Many of you will have spent an afternoon walking between the villages of Boulmer and Craster or vice versa. It’s a gorgeous stretch of coastline talking in many different types of habitat, terrain, history, plants and wildlife. The route passes the Great Whin sill Between Craster, Cullernose and Howick, the Bathing house and rumbling Kern, Howick Haven, the burn and sugar sands, Howdiemont sands all the way to the natural harbour at Boulmer haven.

Many of you will have also passed by and wondered what the large oval shaped metal object is, clad in its coat of barnacles and seaweed, that protrudes from the receding water just to the North of Howick Haven as the tide ebbs back. Well, it’s a boiler, a steam trawlers boiler, or to be exact, a Scotch Marine Boiler. The boiler and some of the ships lower plate work is almost all that physically remains of a tragedy that occurred here on the 29th of March 1913.

Boiler

The French trawler Tadorne was making her way from Boulogne to the Icelandic fishing grounds with a crew of 30 men when a blanket of thick fog descended upon the coast making navigation impossible. She ran aground at 4 am just to the north of the Haven at Howick in very stormy seas. Considering her distance from the shore it must have been around mid-tide when she met her fate on the jagged rocks of Howick.

The alarm was raised by Thomas Thompson of Howick Seahouses farm after he heard the cries of the trawler men.  The Coastguard from Craster made their way to the scene arriving around 7am and tried to set up a Breeches Buoy, where a rocket carrying a thin line is fired from the shore over to the ship allowing a larger rope to be pulled between an anchor point on the shore and a sturdy fixed point on the vessel. A pulley system is set up and the crew of the boat take it in turns to sit in the ‘breeches’ and be pulled over to safety by the shore crew. Unfortunately the line was unable to be made fast to the vessel due to the sailors freezing hands and numb fingers. One of the Craster men described the sea being so big that ‘it nearly broke our backs’

The alarm had also been raised at Boulmer RNLI lifeboat station by a driver sent from Howick Hall by Earl Grey. Their boat, the ‘Arthur R Dawes’ a 35 foot Rubie Class Lifeboat, was launched in terrible conditions to make the 2 mile journey, under oar, to the scene. In an open decked lifeboat, a lot of space is taken up by oarsmen meaning she had to make the perilous journey twice between the ship and the safe haven at Boulmer (I am assuming that there was no way to land their rescue boat at the beach due to the weather conditions), imagine rowing 8 miles in a heavy, wooden, open decked vessel, in big seas….. The gallant crew of the lifeboat rescued 25 of the French hands.

Whilst waiting for the lifeboat to arrive two of the trawlers crew made an attempt to swim for the shore, neither of them made it. One of these men was Pierre Archenoux, he broke his leg during his attempt to save himself and perished in the crashing surf from exhaustion. His sea chest was later found in the sea and returned to his widow in Cancale by Countess Grey. A further two of the crew had died of exposure after lashing themselves to the rigging, one of these was a cabin boy aged 16. The last casualty succumbed to the cold and perished on the journey to the shore in the lifeboat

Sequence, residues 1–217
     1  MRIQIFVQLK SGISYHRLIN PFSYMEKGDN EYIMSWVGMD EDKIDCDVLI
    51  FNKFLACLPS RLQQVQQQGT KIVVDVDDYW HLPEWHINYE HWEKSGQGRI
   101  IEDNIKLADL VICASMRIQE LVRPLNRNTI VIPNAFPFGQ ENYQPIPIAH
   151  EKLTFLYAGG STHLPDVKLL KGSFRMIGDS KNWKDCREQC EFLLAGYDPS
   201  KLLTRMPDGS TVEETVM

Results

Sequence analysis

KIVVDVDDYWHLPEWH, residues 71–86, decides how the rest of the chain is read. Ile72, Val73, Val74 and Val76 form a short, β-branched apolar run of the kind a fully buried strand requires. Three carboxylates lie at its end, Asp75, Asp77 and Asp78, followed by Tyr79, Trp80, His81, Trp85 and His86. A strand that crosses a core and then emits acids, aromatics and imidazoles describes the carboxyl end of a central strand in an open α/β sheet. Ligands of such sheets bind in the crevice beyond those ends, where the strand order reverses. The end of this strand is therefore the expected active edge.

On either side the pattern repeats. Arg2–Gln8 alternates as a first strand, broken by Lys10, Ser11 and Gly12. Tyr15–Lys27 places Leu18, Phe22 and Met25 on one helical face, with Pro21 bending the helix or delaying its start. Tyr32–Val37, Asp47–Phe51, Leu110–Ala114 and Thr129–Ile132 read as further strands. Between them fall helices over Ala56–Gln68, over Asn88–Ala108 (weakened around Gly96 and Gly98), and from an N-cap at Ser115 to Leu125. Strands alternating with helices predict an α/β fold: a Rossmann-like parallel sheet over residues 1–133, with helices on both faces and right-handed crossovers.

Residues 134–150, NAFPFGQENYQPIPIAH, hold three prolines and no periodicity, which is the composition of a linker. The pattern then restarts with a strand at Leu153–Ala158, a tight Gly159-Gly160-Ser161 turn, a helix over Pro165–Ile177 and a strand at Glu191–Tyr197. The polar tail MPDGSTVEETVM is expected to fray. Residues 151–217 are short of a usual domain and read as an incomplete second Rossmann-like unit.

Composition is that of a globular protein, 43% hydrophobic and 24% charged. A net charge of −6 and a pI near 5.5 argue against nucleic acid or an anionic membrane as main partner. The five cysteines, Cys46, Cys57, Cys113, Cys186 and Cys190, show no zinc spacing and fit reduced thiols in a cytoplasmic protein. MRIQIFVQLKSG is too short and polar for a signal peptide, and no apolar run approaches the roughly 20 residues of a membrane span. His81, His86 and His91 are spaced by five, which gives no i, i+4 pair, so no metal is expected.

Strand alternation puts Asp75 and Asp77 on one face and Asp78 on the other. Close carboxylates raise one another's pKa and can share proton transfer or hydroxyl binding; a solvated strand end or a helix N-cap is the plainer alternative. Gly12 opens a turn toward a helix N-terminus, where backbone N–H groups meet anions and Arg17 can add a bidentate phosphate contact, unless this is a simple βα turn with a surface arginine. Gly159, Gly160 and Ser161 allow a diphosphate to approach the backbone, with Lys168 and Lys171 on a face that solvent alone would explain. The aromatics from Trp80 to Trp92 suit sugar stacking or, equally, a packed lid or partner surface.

Earl Grey, Countess Grey and many of the local residents gave them warm blankets and as much comfort as they could afford, taking them in, feeding and clothing them. Earl Grey had a French maid at the time who acted as an invaluable translator.

Most of the trawler was salvaged for her steel; all that remains is the boiler and some of her lower plate work. I wonder how much of that steel was re-used and ended up cast into ordnance to be exploded on French soil in the coming war….

The five lost souls were subsequently interred in a single plot at the tiny church of St Michael and all Angels in Howick Hall gardens. It’s a beautiful little church and well worth a visit, although you must use the main entrance to the gardens and pay the admission fee to do so. Their simple grave has the flowing inscription around the edging stones

THIS CROSS IS PLACED HERE BY THE PEOPLE OF HOWICK BOULMER AND CRASTER IN MEMORY OF FIVE FRENCH SAILORS WHO OUT OF A CREW OF 30 WERE DROWNED IN THE WRECK OF THE FRENCH STEAM TRAWLER FR TADORNE OFF THE ROCKS AT HOWICK BOAT HOUSE ON MARCH 29 1913

The French Government awarded a Gold Medal to William Stephenson, the Coxswain of the Boulmer Lifeboat, and money and grants were distributed to the crew for their gallantry. There were 14 men crewing the lifeboat that day comprising of eight members of the Stanton family and six members of the Stephenson family. They were given their awards in Newcastle at the French Consulate by Baron de Balabre

Boulmer still has a lifeboat, however it is now funded privately and is run by volunteers and is not affiliated with the RNLI. After the RNLI withdrew their boat from service in 1967, the good folk of Boulmer raised the cash to buy and support their own boat and continue to do so to this day.

One of the most beautiful wildfowl birds we have on our Northumbrian Coast is the Shelduck. Its large shape and striking colours brighten the dullest of winter days, it’s a permanent resident here as are the five souls of the Tadorne, which, translates from French, as Shelduck. So next time you’re walking the coast between Boulmer and Craster remember the lost souls of the Tadorne and the bravery of the volunteers from the villages of Boulmer, Howick and Craster who risked it all to save them.

Peter Angus © 2019